The industrial revolution brought major change to the village. With the rapid growth of the iron smelting industry close by in Blaenavon, Clydach, Blaina and Garnddyrys a canal became essential to allow the movement of heavy products like coal, pig iron and limestone.
The Brecknock and Abergavenny Canal was promoted by Acts of March 1793 and May 1804. The engineer was Mr. T. Dadford, Junior. Work started in 1797 with the construction of the aqueduct and embankment at Gilwern. By the end of that year it reached Llangynidr, and by 1800 the canal entered Brecon. The cost of the section from Gilwern to Brecon was £90,000. In June 1803 work started to extend the canal towards Abergavenny and it reached Govilon wharf in January 1805.
A link southwards from Govilon to Newport Docks needed the Monmouthshire Canal Acts of 1792, 1797 and 1862. Shortages of capital delayed its construction and so it was not until 1809 that construction commenced at the northerly extent of the Monmouthshire Canal at Pontymoile, near Pontypool. In February 1812, at total cost of £200,000 the section was opened. Finally cargo could travel from Brecon to the sea at Newport.
The two canals finally amalgamated in 1865 to become the Monmouthshire & Breconshire Canal. Despite being built on the hillside of the River Usk the canal has one of the longest lock-free stretches in the country - over 22 miles. Over its entire 35 miles it contains six locks, one tunnel, 5 lift bridges and an amazing aqueduct over the River Usk near Brecon.
The canal was planned jointly with connecting tramroads which brought bulk loads from the nearby iron works, quarries and mines to wharfs built on the canal. The tramroads were an early form of railway using horse-drawn wagons or 'trams' running on simple iron rails. These allowed horses to pull much heavier loads than on the rutted roads of the time.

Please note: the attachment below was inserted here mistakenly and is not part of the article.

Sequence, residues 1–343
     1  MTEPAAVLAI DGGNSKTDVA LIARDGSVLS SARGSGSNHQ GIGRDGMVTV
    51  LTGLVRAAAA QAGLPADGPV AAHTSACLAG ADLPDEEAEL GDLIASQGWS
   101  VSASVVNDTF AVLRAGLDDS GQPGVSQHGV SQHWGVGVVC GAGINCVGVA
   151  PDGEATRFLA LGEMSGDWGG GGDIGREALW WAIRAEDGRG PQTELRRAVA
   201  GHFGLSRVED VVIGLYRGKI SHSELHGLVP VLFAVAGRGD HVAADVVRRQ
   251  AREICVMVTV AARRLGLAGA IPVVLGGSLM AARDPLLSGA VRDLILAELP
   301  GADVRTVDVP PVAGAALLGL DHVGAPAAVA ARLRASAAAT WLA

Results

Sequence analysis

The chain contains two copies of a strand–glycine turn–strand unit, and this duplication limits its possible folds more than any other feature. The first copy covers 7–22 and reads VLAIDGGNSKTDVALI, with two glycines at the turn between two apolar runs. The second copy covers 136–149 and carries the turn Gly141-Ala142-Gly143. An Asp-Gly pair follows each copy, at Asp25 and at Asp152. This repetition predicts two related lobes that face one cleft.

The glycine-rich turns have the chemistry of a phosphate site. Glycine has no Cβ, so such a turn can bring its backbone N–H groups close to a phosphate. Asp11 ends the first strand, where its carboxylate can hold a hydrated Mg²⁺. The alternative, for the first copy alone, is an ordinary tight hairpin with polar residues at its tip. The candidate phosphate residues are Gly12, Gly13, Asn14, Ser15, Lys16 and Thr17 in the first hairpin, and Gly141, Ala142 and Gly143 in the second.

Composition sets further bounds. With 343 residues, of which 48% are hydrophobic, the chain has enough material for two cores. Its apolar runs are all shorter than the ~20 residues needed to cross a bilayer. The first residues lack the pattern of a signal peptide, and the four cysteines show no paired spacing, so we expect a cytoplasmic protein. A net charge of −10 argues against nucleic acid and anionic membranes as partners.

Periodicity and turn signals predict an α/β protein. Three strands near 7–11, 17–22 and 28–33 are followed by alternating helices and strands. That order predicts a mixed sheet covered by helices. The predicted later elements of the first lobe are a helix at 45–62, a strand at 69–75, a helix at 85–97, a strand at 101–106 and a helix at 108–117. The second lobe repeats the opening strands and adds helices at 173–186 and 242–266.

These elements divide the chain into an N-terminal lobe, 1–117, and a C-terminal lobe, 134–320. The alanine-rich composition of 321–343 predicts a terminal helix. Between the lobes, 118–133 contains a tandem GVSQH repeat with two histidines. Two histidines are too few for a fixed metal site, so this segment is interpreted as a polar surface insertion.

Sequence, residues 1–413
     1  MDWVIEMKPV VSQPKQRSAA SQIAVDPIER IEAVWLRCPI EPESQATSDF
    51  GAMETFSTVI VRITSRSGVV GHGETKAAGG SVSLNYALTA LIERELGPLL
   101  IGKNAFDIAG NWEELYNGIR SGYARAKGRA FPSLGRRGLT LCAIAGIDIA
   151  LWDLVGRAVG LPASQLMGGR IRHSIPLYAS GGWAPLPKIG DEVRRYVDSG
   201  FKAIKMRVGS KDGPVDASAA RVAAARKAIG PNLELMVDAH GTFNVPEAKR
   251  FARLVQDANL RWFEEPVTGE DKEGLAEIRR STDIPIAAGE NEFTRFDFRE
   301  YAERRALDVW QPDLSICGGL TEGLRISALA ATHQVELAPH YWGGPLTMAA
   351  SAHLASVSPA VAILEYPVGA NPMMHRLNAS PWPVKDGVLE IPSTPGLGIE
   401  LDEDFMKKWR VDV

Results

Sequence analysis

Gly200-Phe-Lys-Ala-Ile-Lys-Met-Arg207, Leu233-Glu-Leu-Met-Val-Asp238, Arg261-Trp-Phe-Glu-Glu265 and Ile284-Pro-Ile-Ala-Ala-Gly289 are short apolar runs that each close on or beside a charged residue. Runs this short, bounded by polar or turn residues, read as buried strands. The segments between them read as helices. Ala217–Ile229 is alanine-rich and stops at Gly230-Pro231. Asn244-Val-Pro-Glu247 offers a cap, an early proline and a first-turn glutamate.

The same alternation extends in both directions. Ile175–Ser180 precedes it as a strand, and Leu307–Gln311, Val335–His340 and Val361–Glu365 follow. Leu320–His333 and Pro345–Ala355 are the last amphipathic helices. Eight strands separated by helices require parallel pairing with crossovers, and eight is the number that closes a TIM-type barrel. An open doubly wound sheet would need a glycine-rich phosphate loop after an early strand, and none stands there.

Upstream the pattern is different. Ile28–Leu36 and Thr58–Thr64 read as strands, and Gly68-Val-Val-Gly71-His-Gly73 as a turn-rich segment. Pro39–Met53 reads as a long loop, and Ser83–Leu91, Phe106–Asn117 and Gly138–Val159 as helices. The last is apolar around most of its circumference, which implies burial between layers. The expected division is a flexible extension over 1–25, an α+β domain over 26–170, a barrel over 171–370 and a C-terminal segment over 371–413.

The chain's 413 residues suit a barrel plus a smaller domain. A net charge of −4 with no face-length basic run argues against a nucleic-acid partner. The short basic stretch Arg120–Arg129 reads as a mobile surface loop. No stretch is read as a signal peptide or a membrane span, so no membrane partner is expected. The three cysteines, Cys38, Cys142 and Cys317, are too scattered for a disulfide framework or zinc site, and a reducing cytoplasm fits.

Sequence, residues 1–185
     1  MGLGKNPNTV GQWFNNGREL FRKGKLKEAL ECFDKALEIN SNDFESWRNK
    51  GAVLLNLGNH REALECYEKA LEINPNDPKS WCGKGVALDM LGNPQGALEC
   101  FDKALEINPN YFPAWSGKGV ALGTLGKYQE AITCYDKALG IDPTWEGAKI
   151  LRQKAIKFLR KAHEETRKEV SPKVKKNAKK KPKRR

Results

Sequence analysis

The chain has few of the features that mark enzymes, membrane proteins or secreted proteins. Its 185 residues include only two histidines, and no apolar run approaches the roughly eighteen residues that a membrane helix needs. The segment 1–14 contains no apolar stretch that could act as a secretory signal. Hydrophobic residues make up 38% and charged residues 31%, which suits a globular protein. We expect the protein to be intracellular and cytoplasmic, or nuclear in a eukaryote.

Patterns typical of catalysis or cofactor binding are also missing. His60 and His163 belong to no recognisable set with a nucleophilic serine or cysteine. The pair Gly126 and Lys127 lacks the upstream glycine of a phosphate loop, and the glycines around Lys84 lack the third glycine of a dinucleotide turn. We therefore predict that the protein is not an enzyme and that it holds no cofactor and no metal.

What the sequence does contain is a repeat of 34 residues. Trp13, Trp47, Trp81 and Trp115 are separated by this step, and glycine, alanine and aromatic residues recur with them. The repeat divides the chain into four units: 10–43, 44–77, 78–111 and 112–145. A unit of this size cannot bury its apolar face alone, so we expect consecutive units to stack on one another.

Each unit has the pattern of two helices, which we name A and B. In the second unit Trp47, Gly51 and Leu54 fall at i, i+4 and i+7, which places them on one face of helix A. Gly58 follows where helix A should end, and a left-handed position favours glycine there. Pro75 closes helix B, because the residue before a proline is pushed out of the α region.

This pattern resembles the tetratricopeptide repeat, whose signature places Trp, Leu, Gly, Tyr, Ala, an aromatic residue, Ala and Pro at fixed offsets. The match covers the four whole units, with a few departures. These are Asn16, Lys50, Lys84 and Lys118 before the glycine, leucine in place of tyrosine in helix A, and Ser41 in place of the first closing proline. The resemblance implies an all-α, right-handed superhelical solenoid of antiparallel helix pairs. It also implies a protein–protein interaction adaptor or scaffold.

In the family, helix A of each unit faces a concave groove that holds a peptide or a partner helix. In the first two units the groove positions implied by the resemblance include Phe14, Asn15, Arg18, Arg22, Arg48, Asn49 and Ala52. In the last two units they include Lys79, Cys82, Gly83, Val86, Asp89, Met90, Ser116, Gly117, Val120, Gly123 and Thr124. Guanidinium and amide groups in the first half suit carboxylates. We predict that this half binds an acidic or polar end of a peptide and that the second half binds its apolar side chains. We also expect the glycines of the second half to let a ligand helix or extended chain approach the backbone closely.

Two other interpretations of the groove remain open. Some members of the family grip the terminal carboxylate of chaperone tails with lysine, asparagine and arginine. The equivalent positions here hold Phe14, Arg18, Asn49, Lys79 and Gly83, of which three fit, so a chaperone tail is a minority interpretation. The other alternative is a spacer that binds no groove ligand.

Canals and tramroads were so important to each other that the first work carried out by the new Brecknock & Abergavenny Canal Company in 1794 was a tramroad. Crawshay Bailey's tramroad came down from Nantyglo, round the Gilwern Hill and into Govilon along what is now called School Lane. It crossed over the canal at the road bridge. It finished at a warehouse which is now a listed building and the British Waterways office and visitors centre at Govilon wharf. Some of the route is still visible; including the bridge over Cwm Shenkin brook and remnants of the track and sidings at Siop Newydd.
Llanfoist, just a short distance south east of Govilon, has a large warehouse alongside its wharf. The wharf was linked by a steep incline to the Hills tramroad which skirts around the Blorenge mountain to Pwlldu. Here, high above Govilon, the tramroad cuts through the mountain to the ironworks at Blaenavon. A later incline was constructed over the mountain (see railway section)
The upper section of the canal from Brecon to below Cwmbran was never much of a commercial success and commercial barge traffic finished in 1933. However, because it carried water from the River Usk at Brecon down to the large docks at Newport, the watercourse fortunately remained open.
The beauty of the surrounding area ensured it became popular with pleasure craft and restoration of the upper portion above Pontypool was carried out in the 1960's and 70's. It is now one of the most beautiful cruising waterways in Britain, completely isolated from the rest of the canal system. All of the canal can be cruised easily in a very relaxed week and it is rarely busy, even at the height of the season.
"Priestley's Navigable Rivers and Canals" by Joseph Priestley published in April 1831
Iron-stone, Iron-ore, Lead-ore, Coals, Culm, Coaks, Cinders and Charcoal 2d per Ton, per Mile. Lime, Lime-stone, Tiles, Slate, Bricks, Flag-stones, and other Stones, Clay, Sand, Hay, Straw, and Corn in the Straw, and all Material for the repairing of Roads, and all kinds of Manure 1d per Ton, per Mile. Cattle, Sheep, Swine and other Beasts 4d per Ton, per Mile. Iron and Lead 3d per Ton, per Mile. Timber, Goods, Wares and Merchandise 4d per Ton, per Mile.
Fractions to be taken as for a Quarter of a Ton, and as for Half a Mile.
Boats under Twenty Tons lading not to pass any Lock without leave, or without paying for that Tonnage